AMRO: Medical program keeps Airmen mission ready

  • Published
  • By Kisha Foster Johnson
  • Robins Public Affairs

In order to fly, fight, and win, Airmen are the most important asset in the Air Force.

For that reason, the 78th Medical Group Airmen Medical Readiness Optimization program at Robins Air Force Base, Georgia, makes sure each individual is ready for the rigors of active duty.

“We have to know if they are medically well enough to work and deploy,” said Maj. Anna Maruska, 78th Medical Group physician. “If we have a Type 1 diabetic, who is insulin dependent, they typically aren’t good candidates for military service. People with that condition have the potential to get really sick, really fast and possibly need to be hospitalized.”

The AMRO program started at Robins in June 2019.

Maruska said the change improved the way medical services are provided.

“Previously, two-thirds of my patients were dependents or retirees with complex medical problems and maybe one-third of those would be our uniform service members. So what we were doing was trying to juggle two different things at the same time.”

Under this current model, the primary care clinics are divided by the populations they serve: active duty or beneficiaries. 

Also, each squadron now has a dedicated medical team, led by a physician or physician assistant, and comprised of a nurse and two medical technicians.

Maruska oversees care for the 78th Security Forces Squadron.

“This helps us have a higher proportion of mission capable folks than we previously did,” said Maruska. “We are afforded time to interface with commanders of the various units, go on-site visits to actually see what they are doing, and first (sergeants) can get real time information from us about their Airmen.”

It is important to note, specific details of all medical reports remain confidential.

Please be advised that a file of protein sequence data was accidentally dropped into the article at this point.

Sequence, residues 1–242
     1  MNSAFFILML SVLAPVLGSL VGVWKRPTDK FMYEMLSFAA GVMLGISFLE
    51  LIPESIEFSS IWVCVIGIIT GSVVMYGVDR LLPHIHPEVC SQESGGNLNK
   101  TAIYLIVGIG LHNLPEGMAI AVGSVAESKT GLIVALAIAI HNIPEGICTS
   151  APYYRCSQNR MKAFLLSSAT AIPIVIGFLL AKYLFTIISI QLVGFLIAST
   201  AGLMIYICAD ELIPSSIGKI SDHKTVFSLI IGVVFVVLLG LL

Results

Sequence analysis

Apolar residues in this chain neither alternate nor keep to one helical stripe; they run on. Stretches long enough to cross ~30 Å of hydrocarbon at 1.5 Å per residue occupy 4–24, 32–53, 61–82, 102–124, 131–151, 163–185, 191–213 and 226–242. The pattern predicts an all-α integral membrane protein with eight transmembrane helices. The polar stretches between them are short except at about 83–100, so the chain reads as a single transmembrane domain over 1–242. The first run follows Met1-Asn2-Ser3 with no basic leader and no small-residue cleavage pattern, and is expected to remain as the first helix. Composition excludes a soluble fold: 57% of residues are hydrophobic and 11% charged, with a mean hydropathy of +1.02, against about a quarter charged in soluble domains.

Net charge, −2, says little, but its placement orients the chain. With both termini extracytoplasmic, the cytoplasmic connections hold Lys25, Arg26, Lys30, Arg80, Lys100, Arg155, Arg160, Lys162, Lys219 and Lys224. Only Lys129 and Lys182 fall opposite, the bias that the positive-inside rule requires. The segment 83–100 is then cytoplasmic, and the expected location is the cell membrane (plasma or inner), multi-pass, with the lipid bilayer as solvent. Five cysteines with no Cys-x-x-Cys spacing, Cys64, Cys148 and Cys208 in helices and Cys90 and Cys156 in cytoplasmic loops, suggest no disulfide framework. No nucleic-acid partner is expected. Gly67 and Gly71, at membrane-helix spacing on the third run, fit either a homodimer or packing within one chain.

Primary Care Managers, like Maruska, inform supervisors whether or not an Airman is mission ready.

Chief Master Sgt. John Knisley with the 78th SFS, described the AMRO as essential to the squadron’s mission.

“The plan is a crucial piece of the readiness machine,” said Knisely. “Having Dr. Maruska embedded and personally invested in the health and readiness of our squadron is vital to maintaining a strong integrated defense posture for Team Robins.”

Knisley added the trust gained between the Airmen and Maruska is invaluable.

“Having our own doctor, which we are personally familiar with and is very responsive to us 24/7 for both emergent and routine issues, ensures around the clock care for all Defenders across all shifts. The AMRO plan has made a significant improvement in our medical readiness due to her willingness to treat the Airman and not the symptoms,” said Knisley.

Maruska said each medical team meets weekly to discuss patient care. The records of individuals with concerning medical conditions are forwarded to the AMRO board.

The AMRO board meets bi-weekly.

Those members review medical records and decide if a patient’s condition is serious enough to go before the Medical Evaluation Board for review.

MEB is the start of a process that could lead to the end of a person’s military career.

“Often patients know it’s a possibility based on their diagnosis or level of functioning,” said Maruska. “Just as often, patients feel well and are completely blindsided by the possibility of an MEB.  We try to explain the process and the possible outcomes, which usually reduces patient’s fears.”

Maruska admits her position is sometimes challenging.

“It is my duty to make sure I do right by my patients and the Air Force," said Maruska. "This means they have to be physically, mentally and emotionally ready to serve anywhere in the world.”